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Legal observer injured as truck drives through Breonna Taylor protest in Buffalo

Mike Desmond / WBFO News
Protesters in front of Buffalo City Hall are stunned after a truck drives through the crowd.

A Breonna Taylor protest march winding its way back to Buffalo City Hall Wednesday evening was disrupted when a pickup truck drove through the crowd and drove away, leaving an injured legal observer on Niagara Square with apparent broken bones.

Protest marches that began with the death of George Floyd in May were given new life Wednesday when a Louisville grand jury did not indict police officers in the death of Taylor in March during a mishandled police drug raid.

Local protesters turned out for a march through downtown Buffalo and into Allentown before returning to Niagara Square. They were on the City Hall sidewalk and also in the street, accompanied by green-hatted legal observers and medics.

Licensed medic Elisa Schreiber said she was marching when she saw the struck woman fly through the air.

"I saw the truck hit her. I saw her go up in the air. I saw her come down. I saw the truck speed off," Schreiber said. "I worked on her. She was conscious the whole time. She does have some injuries. I can't say exactly how minor or how serious. I just can say she was conscious, she was talking, when the AMR came to get her."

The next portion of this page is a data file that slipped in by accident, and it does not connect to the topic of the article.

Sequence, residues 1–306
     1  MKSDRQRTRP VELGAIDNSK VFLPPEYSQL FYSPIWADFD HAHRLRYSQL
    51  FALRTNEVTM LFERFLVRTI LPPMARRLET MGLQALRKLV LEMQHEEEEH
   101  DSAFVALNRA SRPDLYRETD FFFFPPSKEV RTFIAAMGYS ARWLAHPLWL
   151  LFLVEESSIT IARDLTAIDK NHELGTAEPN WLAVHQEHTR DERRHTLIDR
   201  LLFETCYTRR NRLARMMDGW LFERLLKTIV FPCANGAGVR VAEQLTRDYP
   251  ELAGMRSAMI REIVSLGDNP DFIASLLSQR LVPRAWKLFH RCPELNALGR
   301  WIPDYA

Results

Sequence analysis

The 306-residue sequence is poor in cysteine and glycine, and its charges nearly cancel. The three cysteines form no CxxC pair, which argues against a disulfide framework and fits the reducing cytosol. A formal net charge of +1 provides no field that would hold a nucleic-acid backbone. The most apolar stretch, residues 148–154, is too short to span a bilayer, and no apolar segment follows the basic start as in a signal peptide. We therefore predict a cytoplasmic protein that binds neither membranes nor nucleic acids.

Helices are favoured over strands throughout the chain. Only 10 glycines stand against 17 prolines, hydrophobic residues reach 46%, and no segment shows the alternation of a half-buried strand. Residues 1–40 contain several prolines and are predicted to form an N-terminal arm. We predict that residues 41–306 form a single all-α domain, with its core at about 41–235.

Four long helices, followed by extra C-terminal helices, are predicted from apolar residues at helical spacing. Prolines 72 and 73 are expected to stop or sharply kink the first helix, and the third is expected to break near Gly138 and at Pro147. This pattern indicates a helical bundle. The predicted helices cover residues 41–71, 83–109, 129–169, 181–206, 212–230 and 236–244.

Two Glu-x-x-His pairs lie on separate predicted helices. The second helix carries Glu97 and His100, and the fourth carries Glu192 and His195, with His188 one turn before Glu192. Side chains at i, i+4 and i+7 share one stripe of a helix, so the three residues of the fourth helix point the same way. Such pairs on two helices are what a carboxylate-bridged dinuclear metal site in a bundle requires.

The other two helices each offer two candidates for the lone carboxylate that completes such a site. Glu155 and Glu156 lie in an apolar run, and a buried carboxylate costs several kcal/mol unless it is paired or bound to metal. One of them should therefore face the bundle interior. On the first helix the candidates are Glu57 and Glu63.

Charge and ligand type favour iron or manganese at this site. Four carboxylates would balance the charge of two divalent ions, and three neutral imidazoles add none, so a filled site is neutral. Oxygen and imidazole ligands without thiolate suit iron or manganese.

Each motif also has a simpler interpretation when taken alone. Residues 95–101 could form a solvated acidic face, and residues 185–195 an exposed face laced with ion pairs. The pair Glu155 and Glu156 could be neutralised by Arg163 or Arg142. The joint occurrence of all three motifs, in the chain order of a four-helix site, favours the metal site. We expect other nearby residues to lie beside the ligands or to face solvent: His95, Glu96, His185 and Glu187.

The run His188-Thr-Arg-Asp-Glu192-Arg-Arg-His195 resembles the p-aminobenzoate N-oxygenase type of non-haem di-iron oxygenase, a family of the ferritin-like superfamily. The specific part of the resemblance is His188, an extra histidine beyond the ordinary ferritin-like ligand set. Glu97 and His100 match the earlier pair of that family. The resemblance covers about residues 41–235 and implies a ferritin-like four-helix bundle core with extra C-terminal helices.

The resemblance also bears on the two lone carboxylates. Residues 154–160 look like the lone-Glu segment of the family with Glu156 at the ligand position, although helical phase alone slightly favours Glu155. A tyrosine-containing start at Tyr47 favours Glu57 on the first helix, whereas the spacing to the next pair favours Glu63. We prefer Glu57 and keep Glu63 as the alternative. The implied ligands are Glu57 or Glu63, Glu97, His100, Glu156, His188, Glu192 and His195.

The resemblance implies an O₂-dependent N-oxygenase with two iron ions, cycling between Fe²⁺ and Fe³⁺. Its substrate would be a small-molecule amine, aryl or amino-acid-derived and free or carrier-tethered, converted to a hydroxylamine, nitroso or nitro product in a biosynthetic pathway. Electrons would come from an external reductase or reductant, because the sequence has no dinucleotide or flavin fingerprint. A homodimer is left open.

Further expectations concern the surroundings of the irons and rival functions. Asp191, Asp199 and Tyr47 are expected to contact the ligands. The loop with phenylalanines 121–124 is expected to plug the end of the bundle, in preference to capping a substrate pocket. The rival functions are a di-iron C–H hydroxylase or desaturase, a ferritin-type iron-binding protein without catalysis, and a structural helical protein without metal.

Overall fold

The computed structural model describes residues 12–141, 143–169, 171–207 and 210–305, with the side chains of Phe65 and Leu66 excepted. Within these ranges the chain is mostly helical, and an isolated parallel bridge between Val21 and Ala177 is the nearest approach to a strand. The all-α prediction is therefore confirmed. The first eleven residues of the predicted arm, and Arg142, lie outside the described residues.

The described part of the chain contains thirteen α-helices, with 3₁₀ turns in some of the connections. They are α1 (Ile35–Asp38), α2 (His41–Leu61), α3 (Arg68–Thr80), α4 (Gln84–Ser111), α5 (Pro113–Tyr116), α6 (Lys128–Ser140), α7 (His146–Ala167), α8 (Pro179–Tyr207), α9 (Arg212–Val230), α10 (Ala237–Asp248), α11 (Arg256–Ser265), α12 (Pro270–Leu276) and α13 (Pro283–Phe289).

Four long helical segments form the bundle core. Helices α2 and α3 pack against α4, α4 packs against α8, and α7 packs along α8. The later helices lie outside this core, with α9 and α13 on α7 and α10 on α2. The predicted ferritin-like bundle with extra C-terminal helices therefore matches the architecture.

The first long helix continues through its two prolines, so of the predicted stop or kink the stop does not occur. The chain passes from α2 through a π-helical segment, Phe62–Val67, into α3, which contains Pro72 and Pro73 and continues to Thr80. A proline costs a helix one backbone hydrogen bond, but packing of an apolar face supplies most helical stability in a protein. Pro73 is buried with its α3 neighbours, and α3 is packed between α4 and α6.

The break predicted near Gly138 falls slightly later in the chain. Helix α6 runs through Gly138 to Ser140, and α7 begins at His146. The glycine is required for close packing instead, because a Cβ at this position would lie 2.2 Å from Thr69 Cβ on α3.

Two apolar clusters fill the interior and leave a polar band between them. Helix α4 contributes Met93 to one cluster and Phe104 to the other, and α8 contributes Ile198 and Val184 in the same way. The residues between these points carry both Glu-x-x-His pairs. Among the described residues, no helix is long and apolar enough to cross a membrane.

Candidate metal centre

Schreiber said the woman had several broken bones. The legal observer was transported to Erie County Medical Center for treatment.

Protesters angled across Niagara Square, stopped the vehicle and argued with the driver.

"Guy tracked it down and we wound up getting her over there and things continued," said protester Brandan Bonner. "People deflated her tires until she eventually drove off."

Police said the car was stopped later and the incident is under investigation.

Witnesses said the driver appeared to aim into the crowd of protesters.

"He didn't stop. As a matter of fact, he picked up to hit her and and then he sped up even faster to leave," Schreiber said.

The actual hit occurred almost directly beneath a police surveillance camera with good lighting.

Mike Desmond is one of Western New York’s most experienced reporters, having spent nearly a half-century covering the region for newspapers, television stations and public radio. He has been with WBFO and its predecessor, WNED-AM, since 1988. As a reporter for WBFO, he has covered literally thousands of stories involving education, science, business, the environment and many other issues. Mike has been a long-time theater reviewer for a variety of publications and was formerly a part-time reporter for The New York Times.
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